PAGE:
NM must leverage its renewable energy resources - Albuquerque Journal

NM must leverage its renewable energy resources

As New Mexico seeks to diversify its economy, one of the primary industries that we must expand is renewable energy.

The opportunities and the benefits are too good to pass by, and the cost of inaction on this front is just too great as we see how Texas and other states are already reaping the benefits of wind and solar energy.

Take, for example, the Grady Wind farm, which will be the largest wind farm in the Western Hemisphere when it is completed. That installation will deliver many jobs and financial benefits, including lease payments and a new tax base for rural Curry County. The power from that wind farm is being purchased from a company in southern California, therefore, “new” money will be injected into the local, regional and state economy just as our manufacturing companies sell their products out of state.

We should transform our economy and energy production opportunities in a way that is best for New Mexico. In doing so, we can achieve tremendous progress in creating jobs and opportunity for New Mexicans, all while doing what makes financial sense for New Mexico ratepayers and New Mexico economic growth. Right now, the solar and wind industries together employ more than 5,500 in-state workers. Among these, somewhere between 3,000 and 4,000 are employed by the wind industry, either directly or indirectly.

Our neighbor, Texas, is the largest wind-generating state, as well as one of the largest oil production states in the nation. New Mexico could surpass Texas in wind production and has a formidable reserve of oil in the Permian basin. Oil production would be enhanced by having a cheaper source of electricity to power their production of product. As technology advances, all forms of energy will be produced more efficiently.

I predict that by 2050, New Mexico will attain 70 percent of its electricity from renewable sources if our New Mexico leadership fully supports this opportunity. All the economic indicators are trending in the direction of more renewable energy development because the rates are low and it is competitive on the open market.

Like all New Mexicans, my constituents want stable jobs that pay well. They desire financial security for themselves and greater opportunities for their children. Mesalands College and Clovis Community College both offer a wind technician curriculum and once students have earned their two-year certificate, they are quickly employed in the industry with a high-wage job. The majority of farmers and ranchers working the land must have “off farm/ranch” income in order to provide a sustainable living. Renewable energy delivers on all accounts. Agriculture producers are often affected by fluctuating market prices, which are sometimes below production cost. Therefore, farmers and ranchers would welcome the opportunity to have a steady income stream from electricity produced by wind. The footprint of a wind generator is very small; therefore, the land taken out of production is an insignificant loss of productive land.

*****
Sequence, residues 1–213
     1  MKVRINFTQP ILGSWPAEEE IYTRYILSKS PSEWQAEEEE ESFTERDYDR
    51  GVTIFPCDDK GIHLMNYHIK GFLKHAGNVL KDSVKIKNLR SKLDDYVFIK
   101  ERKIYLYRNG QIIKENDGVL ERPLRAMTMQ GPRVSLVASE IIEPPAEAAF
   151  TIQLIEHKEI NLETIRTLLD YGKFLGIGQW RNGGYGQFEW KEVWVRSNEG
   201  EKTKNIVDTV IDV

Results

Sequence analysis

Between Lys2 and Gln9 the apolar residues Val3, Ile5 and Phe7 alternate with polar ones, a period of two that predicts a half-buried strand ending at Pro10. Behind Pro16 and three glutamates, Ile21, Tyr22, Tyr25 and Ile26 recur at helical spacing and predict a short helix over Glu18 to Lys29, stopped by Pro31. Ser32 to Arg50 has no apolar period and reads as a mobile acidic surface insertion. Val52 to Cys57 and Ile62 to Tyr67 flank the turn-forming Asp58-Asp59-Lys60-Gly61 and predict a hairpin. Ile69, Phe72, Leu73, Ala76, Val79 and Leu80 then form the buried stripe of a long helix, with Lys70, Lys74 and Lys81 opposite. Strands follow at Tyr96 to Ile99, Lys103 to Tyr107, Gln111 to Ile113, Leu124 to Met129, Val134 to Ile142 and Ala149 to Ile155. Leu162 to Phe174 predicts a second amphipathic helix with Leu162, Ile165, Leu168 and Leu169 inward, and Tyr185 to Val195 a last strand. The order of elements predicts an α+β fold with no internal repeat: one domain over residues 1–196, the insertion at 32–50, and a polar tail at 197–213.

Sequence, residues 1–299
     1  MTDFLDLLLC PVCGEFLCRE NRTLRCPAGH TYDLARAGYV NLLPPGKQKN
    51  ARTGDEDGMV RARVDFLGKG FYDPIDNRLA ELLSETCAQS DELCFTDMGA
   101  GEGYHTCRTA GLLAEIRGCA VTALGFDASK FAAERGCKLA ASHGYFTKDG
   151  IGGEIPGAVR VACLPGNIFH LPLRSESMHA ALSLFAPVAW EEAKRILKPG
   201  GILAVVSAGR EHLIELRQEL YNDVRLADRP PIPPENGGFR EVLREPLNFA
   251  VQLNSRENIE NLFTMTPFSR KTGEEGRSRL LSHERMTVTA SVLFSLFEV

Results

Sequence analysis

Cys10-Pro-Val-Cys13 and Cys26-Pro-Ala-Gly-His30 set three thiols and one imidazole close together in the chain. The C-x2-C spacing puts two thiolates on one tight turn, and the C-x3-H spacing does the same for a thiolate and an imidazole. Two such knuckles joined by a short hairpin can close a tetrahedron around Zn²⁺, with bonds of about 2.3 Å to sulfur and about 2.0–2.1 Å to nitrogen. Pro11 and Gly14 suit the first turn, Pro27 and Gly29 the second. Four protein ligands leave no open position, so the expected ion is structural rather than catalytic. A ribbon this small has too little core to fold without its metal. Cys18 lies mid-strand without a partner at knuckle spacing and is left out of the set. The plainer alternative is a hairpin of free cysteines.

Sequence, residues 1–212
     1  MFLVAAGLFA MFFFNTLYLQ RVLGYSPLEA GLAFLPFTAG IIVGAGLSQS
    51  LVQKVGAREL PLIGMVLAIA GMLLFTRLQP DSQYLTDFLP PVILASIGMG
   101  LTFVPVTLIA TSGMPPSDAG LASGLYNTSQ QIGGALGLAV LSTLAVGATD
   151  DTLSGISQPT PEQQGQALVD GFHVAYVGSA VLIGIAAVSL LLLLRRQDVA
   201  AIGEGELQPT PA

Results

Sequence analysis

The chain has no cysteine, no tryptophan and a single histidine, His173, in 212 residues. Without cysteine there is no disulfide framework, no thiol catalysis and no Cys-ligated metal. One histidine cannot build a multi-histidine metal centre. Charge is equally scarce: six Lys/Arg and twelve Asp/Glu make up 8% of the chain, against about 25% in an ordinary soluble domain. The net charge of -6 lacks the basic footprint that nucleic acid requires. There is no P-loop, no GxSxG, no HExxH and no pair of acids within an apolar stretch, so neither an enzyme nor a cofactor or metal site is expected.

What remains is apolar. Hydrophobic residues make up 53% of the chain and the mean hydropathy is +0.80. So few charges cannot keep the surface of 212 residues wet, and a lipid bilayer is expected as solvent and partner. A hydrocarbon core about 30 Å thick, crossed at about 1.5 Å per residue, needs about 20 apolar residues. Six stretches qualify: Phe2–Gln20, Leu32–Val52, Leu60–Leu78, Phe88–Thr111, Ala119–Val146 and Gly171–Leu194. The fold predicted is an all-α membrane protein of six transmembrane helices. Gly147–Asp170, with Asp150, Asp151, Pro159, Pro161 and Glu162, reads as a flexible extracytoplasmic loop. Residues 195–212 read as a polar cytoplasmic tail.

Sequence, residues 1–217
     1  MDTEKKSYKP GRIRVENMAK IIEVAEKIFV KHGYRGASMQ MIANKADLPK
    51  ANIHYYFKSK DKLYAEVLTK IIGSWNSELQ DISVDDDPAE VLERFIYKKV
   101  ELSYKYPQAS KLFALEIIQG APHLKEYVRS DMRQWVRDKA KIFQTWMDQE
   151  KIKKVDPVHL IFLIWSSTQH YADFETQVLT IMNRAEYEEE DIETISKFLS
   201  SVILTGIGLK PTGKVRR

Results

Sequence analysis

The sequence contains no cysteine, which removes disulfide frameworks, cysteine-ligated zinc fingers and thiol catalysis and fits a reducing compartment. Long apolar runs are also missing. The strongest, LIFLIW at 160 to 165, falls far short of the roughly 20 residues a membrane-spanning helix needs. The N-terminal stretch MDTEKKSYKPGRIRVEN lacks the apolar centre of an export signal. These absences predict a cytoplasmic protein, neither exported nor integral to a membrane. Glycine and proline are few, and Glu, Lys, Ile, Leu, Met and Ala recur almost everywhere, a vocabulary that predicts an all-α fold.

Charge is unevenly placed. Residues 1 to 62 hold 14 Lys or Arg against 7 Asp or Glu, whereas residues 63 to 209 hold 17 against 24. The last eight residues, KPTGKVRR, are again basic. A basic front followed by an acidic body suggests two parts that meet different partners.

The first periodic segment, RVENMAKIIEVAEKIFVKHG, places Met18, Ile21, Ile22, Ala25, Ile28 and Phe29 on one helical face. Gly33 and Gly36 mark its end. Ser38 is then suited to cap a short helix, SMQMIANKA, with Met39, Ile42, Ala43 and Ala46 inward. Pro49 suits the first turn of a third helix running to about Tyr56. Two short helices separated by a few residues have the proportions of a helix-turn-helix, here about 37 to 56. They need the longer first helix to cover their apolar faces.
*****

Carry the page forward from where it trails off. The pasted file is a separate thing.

The oil and gas industries have helped New Mexicans tremendously and will continue to do so, but let’s begin taking advantage of our other opportunities. Oil production is limited to the location of the reserves of oil as will development of wind projects be limited to the areas where there is the best wind resource. As several generations have benefited and will continue benefiting from our oil and gas resources, we can boost our economy utilizing our natural resources that we never have to worry about depleting, such as wind and solar energy.

We must be decisive to take full advantage of the untapped economic potential in using our renewable energy resources to diversify our economy. The good, stable jobs in renewable energy are rock-solid real and the revenues injected into our state economy are there for the taking. Lets act now to bring in out-of-state money and create jobs for our local citizens. It is far better to export electricity out of state than force our young people to go out of state to obtain employment.

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